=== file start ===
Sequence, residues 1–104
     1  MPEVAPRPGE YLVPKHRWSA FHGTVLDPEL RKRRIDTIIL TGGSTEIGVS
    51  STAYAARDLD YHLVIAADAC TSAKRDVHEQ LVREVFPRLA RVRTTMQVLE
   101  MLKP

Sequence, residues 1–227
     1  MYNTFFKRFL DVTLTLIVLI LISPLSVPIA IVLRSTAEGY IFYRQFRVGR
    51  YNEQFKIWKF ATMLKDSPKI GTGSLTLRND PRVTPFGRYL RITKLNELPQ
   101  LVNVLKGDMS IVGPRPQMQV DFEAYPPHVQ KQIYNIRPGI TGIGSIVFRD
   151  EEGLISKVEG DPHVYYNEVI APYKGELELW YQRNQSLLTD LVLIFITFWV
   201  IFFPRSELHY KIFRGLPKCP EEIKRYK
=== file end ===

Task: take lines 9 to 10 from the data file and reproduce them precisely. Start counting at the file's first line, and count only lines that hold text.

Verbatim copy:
   151  EEGLISKVEG DPHVYYNEVI APYKGELELW YQRNQSLLTD LVLIFITFWV
   201  IFFPRSELHY KIFRGLPKCP EEIKRYK